- Set the Default Service. This is the service the Contract income will count toward for reporting. You can use the main service in your contract (e.g. “Mowing” or “Window washing”), or set up a service called “Contract Labor” and track all of your income from Contracts under one umbrella.
- Fill in the billing amount for each month. If all months will be the same, you can fill in January and click “AutoFill” and the system will copy that value all the way through. Any month left at $0 will NOT generate an invoice. This is helpful for 10-pay situations or invoicing bimonthly.
- Add the services included in the contract at the bottom. Go to Actions > Add Contract Item. Repeat for each service.
Once you’ve created the contract, it will generate an invoice for every month that you entered a dollar amount for. This happens on the billing date each month.
Advanced Tricks to Steady Your Cash Flow
Two Billing Dates: Set up half of your contracts to bill on the last day of the month and the other half on the 15th. This will keep your income more evenly distributed.
Your business will have fewer stressful days caused by mid-month bills and unexpected problems (emergency repairs, anybody?).
As your client base grows, it may be worthwhile to consider subdividing the contract dates further, adding billing on the 8th and 20th.
Bill One Month in Advance: Get your payments ahead of schedule. Use the option to bill a month in advance, so you can get paid for July’s work… in June.
If your client cancels or misses a payment, you’re still in the green. Wouldn’t you rather issue an occasional refund, instead of constantly hunting down unpaid invoices?
How to Convince Your Clients to Sign up for Contracts
To convince a residential client, point out the ease of one monthly rate that gets their yard taken care of. Really lean into the fact that there are no complicated invoices to decipher or hidden charges. You charge them $XYZ per month, no ifs, ands, or buts.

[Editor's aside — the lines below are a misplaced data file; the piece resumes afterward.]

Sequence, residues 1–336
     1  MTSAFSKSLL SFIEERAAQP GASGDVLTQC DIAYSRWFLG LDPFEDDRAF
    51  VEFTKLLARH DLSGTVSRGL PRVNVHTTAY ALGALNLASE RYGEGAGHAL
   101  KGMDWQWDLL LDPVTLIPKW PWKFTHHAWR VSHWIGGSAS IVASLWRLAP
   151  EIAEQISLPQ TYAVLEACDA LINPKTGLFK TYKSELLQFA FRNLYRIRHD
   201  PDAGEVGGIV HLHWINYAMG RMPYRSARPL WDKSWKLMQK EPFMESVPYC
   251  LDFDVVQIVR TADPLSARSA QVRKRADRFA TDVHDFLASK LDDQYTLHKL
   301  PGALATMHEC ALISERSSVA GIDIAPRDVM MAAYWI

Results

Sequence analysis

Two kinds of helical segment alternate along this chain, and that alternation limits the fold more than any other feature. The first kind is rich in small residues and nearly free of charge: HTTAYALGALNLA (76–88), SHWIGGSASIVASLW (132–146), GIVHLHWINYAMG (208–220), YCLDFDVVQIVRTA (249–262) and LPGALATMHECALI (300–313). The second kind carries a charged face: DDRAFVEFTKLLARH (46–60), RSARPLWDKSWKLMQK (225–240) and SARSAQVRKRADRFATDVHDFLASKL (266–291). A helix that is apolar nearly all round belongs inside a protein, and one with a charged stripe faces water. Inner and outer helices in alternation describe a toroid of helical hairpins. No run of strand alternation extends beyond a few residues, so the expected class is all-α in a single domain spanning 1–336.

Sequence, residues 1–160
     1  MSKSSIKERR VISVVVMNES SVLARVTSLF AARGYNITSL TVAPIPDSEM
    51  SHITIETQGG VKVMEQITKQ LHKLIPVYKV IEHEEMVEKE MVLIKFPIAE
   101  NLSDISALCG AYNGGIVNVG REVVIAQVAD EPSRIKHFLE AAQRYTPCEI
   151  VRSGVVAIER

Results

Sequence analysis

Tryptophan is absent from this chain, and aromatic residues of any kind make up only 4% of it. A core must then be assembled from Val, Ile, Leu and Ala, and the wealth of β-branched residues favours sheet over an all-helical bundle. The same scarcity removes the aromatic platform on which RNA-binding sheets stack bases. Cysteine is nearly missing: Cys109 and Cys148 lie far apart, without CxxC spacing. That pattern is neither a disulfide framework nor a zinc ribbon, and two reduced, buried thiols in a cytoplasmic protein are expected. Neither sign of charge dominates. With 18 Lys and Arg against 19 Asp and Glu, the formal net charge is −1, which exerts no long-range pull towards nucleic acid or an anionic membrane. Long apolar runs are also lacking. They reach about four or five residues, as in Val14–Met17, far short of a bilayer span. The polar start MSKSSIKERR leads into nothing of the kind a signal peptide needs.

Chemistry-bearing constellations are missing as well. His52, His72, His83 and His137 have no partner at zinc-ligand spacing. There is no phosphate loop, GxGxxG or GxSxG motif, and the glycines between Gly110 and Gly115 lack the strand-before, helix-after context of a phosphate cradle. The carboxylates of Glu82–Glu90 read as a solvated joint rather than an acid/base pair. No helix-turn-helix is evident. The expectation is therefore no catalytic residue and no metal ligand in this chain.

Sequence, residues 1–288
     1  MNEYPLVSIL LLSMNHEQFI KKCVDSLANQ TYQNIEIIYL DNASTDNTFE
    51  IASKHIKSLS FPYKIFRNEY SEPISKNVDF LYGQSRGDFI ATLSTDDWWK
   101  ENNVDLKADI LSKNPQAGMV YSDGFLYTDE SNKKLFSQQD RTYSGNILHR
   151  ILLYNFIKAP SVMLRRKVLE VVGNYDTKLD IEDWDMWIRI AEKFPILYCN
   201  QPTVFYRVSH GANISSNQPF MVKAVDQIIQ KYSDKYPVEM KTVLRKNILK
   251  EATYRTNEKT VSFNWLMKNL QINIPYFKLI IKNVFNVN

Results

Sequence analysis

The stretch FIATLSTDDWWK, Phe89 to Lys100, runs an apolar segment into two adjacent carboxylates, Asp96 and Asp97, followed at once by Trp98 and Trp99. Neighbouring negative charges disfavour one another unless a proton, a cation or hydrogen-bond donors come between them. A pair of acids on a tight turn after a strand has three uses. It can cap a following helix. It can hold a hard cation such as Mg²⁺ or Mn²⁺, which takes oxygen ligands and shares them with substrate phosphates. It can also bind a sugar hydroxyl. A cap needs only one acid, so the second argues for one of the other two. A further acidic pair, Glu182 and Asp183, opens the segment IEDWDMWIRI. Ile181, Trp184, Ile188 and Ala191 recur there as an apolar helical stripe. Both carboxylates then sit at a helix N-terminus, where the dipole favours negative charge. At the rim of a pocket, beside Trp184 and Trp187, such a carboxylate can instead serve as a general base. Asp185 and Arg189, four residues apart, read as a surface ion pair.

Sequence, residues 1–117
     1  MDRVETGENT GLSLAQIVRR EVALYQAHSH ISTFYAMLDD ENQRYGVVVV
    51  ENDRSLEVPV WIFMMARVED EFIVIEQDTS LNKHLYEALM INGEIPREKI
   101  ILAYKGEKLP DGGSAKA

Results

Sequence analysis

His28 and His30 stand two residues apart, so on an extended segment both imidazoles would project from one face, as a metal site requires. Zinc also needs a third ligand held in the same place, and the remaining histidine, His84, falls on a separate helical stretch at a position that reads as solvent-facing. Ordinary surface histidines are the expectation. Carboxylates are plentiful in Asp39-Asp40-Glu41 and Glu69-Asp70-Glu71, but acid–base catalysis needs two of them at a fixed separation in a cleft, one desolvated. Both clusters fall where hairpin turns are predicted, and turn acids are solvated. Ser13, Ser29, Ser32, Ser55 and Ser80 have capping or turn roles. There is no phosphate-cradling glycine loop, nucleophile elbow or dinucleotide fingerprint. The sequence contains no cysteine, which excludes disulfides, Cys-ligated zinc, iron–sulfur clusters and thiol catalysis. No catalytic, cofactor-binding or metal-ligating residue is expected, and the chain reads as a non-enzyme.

This is a good value for them because it divides the cost of the busiest months in more manageable chunks by including slower months. It all evens out and everybody wins. Sell flat rate billing in your marketing materials, so leads are prepared for your pitch.
Contracts are good for commercial clients for the same reason they’re good for you: cash flow.
Rather than random, higher than expected invoices in the summer and little to no invoicing in the winter, we agree upon a rate for lawn maintenance throughout the year.
It means no surprises. And no budget crunches. Point out that a consistent bill is healthier for cash flow than an ever-changing one (which is what a per-visit bill is going to do).
A Final Thought on Contracts
Flat Rate Monthly Billing can repair cash flow valleys in your business. Instead of falling down, and having to climb back up the mountain every month, you get a smooth, easy hike.
This smoother cash flow frees up your mind to worry about more important things – like growing your business.
Keep your income consistent (and grow it!) by appealing to the same subscription strategy your clients have already adopted with other companies.
Cody is a copywriter with Service Autopilot. He was writing before he could read, dictating stories to his mom. Of late, he distills business principles and practices learned from his ever-increasing trove of books and his year with SA Support into digestible blog posts designed to provide maximum value to service industry business owners.